How Venture Capitalists View The Non Disclosure Agreement

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Are you in the funding stage for your startup. Then watch out for the potential pitfalls and legal agreements with fund providers and venture capitalists. Know more about your rights in order to defend your position.

There is the misconception that an investor or a venture capital firm (VC) would not sign a Non Disclosure Agreement (NDA) so as to have more control over an entrepreneur’s intellectual property. It is not impossible, and as we stated before, investment due diligence is a two-way street. However, most venture capital firms are formalized and versed in proprietary disclosure procedures long before receiving a startup’s pitch.

VCs are not comfortable signing an NDA in the startup introduction phase, as:

  • VC firms must protect their reputations. VC firms that gain a reputation of wanting to control intellectual property knowledge without vested interest may have a more difficult time attracting high-quality startups. Overemphasis on NDAs at inception can lead to disinterest and distrust.
  • VC firms are in the business of sharing information with their portfolio companies. Often individual members of the firm have a fiduciary duty to disclose information in their capacity as portfolio company directors. An NDA could exacerbate unnecessary conflicting disclosure requirements.
  • VC firms often invest at the cutting edge of technology development, where speed is critical. It is difficult to take the time to carefully assess the stipulations of a particular NDA before even an introductory presentation.
  • A VC may view a constant overemphasis of signing an NDA before even a presentation as too much focus on product protection and less time spent on marketing, promotion and execution.
  • VC firms often are viewed as “deep pockets.” This could make VCs attractive targets for NDA-based, proprietary conflict litigation. VCs are wary of NDAs too early in startup introduction process since these documents open them up to potential lawsuits.
  • VC firms have strong legal capability with specialized business lawyers. However legal review is quite expensive and the VC would prefer to allocate funds to the next investment, rather to legal review before even examining a business plan.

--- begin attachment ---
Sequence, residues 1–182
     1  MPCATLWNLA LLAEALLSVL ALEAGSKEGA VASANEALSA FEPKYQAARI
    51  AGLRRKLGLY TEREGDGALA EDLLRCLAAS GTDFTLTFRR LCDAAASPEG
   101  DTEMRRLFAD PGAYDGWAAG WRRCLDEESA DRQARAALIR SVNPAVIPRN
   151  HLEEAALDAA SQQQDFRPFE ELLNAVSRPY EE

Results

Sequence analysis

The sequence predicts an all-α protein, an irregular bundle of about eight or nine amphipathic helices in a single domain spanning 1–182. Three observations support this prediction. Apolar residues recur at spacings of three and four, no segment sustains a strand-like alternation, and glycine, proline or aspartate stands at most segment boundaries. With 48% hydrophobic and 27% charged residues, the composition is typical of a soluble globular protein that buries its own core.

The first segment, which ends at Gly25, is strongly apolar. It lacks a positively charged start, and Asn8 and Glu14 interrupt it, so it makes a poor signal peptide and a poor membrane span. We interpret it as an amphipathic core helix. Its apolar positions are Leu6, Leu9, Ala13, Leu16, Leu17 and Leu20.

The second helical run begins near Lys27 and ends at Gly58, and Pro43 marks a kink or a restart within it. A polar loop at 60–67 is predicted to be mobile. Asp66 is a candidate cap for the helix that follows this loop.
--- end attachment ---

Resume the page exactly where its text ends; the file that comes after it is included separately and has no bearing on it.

• VCs that are good candidates to fund a startup are usually in high demand. The general partners manage funds, answer to limited partners, sit on the board of directors of several companies, mentor new entrepreneurs, and now are becoming instrumental in shaping economic tech and digital policy. They also spend copious time scanning numerous ideas via business plans and presentations. VCs and angel investors often examine at least two deals that are quite similar in technological ideas. Therefore, the likelihood of a VC losing sleep over an entrepreneur who threatens to withhold a business plan due to an NDA is very slim.

The best entrepreneur/investor relationships are built on mutual respect and trust. Requesting an NDA clearly is an indicator of an entrepreneur’s ability to use correct judgment and timing when approaching an angel investor and especially, a VC. We have cited the need for entrepreneurs and startups to protect their ideas and do due diligence when it comes to investors – and that still stands! Three alternatives to the traditional NDA dilemma are:

  • Have the investors, angels, and VCs craft or provide their own NDA or initial agreement. Most likely the VC firm would have preliminary versions of an initial review agreement in writing, and they would feel more comfortable using this. Startups and entrepreneurs still have the right in this case to get the VC’s initial review agreement vetted by their own legal personnel.
  • Consulting agreement: This works well with investment consultants who also can act as partial seed investors, while promoting for a startup. The difference here deals with verbiage leaning towards structured payment for services, and specific investment promotion rights and privileges (e.g. can share certain startup info a specified time and for X price or percentage).
  • Matt Might, Associate Professor at Harvard Medical School, decided he couldn’t sign another NDA for his U Combinator software systems research group because every time he had to it cost him time and money for clause by clause legal review. Instead he offered to extend a PAANDA, or Professional Academic Alternative to Non-Disclosure Agreements. If the business plan is presented as an unpublished research or grant proposal, then the professional who is reviewing it has the obligation of signing a confidentiality agreement up to the point the proposal is published and funded. A PAANDA may work well with accelerators that are linked to both VCs and University research institutions.

Both VC’s and startups should have legal advice for every step of presenting, mentoring and funding. The investment process is definitely complex, and we cannot downplay this. However, it is important for a startup to do extensive angel and VC research well before the initial approach, to have an adequate judgment, and so build a proper relationship from inception to later stage.



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